A Journey Through Madison's Classical Music Scene
Jul 28, 2014
11:47 AMClassically Speaking
Opera in the Park Packs Them In, and Packs a Wallop
By the time the 2014 edition of Madison Opera's Opera in the Park closed with an encore of “It’s a Grand Night for Singing,” the assembled forces under John DeMain were only stating yet again what had been proved many times over for an audience of upwards of 14,000 folks in Garner Park Saturday night. General director Kathryn Smith has adopted a formula that was already well in place before she assumed the leadership of the company three years ago: Gather a quartet of truly exciting young singers, fill the shell with the Madison Symphony Orchestra and Chorus, and turn DeMain loose on a well-mixed repertoire of arias, choruses, operetta excerpts and Broadway tunes. And of course, don’t forget the glow sticks.
As usual the proceedings began with an appearance by Mayor Paul Soglin, and he was just loaded with good news: He highlighted a study just released this month by the Overture Center Foundation that discovered, among other things, that students who are consistently engaged in arts activities have a four percent dropout rate. Yes, that single digit is no typo. But wait, there’s more—Soglin announced that his budget recommendation to the City Council will include $1.75 million for the Overture Center. That of course was the amount requested by the Center last year, which the Mayor was not in favor of. Those days when the very future of the Overture Center seemed to hang in the balance seem distant indeed; one fervently hopes they remain a fading memory.
The musical festivities were co-hosted with welcome informality by Smith and WKOW television personality Brandon Taylor. Just four months into his new job on “Wake Up Wisconsin” it’s a good idea to break into the Madison scene in the spring and summer.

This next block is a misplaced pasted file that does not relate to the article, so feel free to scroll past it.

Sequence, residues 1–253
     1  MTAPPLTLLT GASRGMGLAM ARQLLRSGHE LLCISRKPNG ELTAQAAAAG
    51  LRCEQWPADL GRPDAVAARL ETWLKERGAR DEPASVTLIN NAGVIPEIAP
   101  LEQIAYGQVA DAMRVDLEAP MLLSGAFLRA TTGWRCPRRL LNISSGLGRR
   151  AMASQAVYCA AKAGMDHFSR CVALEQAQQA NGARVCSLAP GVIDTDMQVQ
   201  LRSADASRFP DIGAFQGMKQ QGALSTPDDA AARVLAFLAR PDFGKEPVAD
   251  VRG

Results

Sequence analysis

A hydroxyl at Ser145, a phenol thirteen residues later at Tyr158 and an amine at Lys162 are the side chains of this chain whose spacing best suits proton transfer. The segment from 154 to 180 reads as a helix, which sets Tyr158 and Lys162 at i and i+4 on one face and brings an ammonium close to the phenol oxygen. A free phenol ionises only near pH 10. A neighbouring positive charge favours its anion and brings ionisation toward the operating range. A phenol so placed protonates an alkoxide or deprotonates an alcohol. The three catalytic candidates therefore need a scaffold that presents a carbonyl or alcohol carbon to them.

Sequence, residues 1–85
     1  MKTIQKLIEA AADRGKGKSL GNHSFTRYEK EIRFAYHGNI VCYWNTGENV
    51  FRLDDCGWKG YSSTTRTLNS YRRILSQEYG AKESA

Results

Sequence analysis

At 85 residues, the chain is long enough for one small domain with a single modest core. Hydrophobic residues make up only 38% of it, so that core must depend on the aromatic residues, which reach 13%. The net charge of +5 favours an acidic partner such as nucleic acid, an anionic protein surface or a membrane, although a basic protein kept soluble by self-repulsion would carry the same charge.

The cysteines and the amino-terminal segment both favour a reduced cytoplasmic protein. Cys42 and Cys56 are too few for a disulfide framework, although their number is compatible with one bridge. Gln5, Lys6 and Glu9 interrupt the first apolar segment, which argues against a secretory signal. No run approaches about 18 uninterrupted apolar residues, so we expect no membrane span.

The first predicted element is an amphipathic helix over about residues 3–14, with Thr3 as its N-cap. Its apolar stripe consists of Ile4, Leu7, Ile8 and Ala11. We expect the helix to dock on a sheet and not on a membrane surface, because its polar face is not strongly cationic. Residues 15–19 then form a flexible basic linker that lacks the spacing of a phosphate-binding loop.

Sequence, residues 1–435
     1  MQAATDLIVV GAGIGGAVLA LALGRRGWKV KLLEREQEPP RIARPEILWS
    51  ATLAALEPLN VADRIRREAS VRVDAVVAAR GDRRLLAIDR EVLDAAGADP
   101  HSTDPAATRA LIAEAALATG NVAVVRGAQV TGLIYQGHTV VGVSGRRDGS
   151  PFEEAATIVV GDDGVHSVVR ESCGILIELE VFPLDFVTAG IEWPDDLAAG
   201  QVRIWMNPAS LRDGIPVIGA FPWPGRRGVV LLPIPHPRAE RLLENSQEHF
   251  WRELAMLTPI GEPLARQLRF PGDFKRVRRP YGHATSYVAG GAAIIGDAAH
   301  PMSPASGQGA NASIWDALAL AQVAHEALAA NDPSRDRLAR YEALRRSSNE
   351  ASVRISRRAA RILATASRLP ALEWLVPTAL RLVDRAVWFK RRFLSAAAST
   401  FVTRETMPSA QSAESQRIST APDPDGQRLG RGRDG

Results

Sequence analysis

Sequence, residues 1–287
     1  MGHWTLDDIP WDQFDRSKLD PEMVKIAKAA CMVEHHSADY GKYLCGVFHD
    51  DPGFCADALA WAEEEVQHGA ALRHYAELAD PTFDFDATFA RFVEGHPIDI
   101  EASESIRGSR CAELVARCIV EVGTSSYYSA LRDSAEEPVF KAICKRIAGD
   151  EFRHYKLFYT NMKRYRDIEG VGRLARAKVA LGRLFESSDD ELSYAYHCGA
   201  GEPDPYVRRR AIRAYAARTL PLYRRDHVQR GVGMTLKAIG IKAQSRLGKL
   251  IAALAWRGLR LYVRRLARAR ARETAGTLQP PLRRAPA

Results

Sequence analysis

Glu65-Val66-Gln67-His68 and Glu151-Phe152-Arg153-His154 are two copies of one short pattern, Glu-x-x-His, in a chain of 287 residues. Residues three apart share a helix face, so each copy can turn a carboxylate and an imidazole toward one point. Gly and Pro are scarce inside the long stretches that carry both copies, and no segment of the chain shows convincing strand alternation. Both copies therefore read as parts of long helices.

But the stars of the night were as usual the singers, soprano Jamie-Rose Guarrine and mezzo-soprano Wallis Giunta, Sean Panikkar, tenor and Kelly Markgraf, baritone. Giunta and Panikkar were in their company debuts, while Guarrine and Markgraf made welcome returns. They were thrown into a delightful mix and match of excerpts from the upcoming indoor season with a sprinkling of audience favorites and a couple of rarities.
Regarding the repertory we can look forward to, our appetite for Beethoven’s Fidelio was whetted by a delightful duet from Guarrine and Panikkar. Small blurbs in the program gave some context of the dramatic situation, and Smith and Taylor introduced the numbers in twos or threes with a bit more plot description, but one was reminded that opera is old school: no surtitles translating the singing above the stage, as is now standard in opera theaters worldwide. Result: The audience can focus on the core value of opera, glorious singing wedded to dramatic (or comic) music.
Markgraf followed with the villain’s aria from the Beethoven opus, and this was a true preview as he will appear in the role of Don Pizarro in November at the Overture Center. He had no problem adding a sinister streak to his commanding instrument.
Giunta made her initial appearance in the Rossini favorite, “Una voce poco fa” from The Barber of Seville, which will close the season next April. More’s the pity that she will not be here for it; she provided a model of coquettishness and vocal agility. It’s no wonder her itinerary includes the Metropolitan Opera these days.
Panikkar gave a luscious reading, marked by delicate accompaniment by DeMain and the MSO of “Che gelida manina” from La Boheme. The first half concluded with a pair of duets, the ladies in Mozart’s La Clemenza di Tito (not just melt-your-heart gorgeous, but persuasive enough to make one listener go back to an opera unjustly overlooked) and the men returned for the great duet from Verdi’s Don Carlo.
Of course the chorus isn’t onstage just for show, and along with contributing to some of the arias, we had been given the rarely heard “Bell Chorus” from Pagliacci. As DeMain rightly noted in his closing remarks, the Opera Chorus has continued to develop under the leadership of Anthony Cao.
The second half gave us excerpts from Sondheim’s Sweeney Todd, the middle production of the impending season, a beguiling aria from Lehár’s The Land of Smiles, courtesy of Mr. Panikkar, a real rarity, “Yes, My Heart” from the musical Carnival by Guarrine (need to hear more of that work, too), and a tour de force rendition of “The Miller’s Son” from A Little Night Music from Giunta.
As for the glow sticks, they came out in force for the “Toreador Song” with Markgraf charmingly aided by the ladies and chorus, and seemingly 10,000 glow sticks conducting along with DeMain during the chorus. Of course, some patrons wave them about other times, but who would dare complain? It isn’t often that one finds the time and place to combine great art, a sense of wonder, and to let one’s inner child out to play on a beautiful summer night—but it keeps happening in Madison once a year. Thank heavens!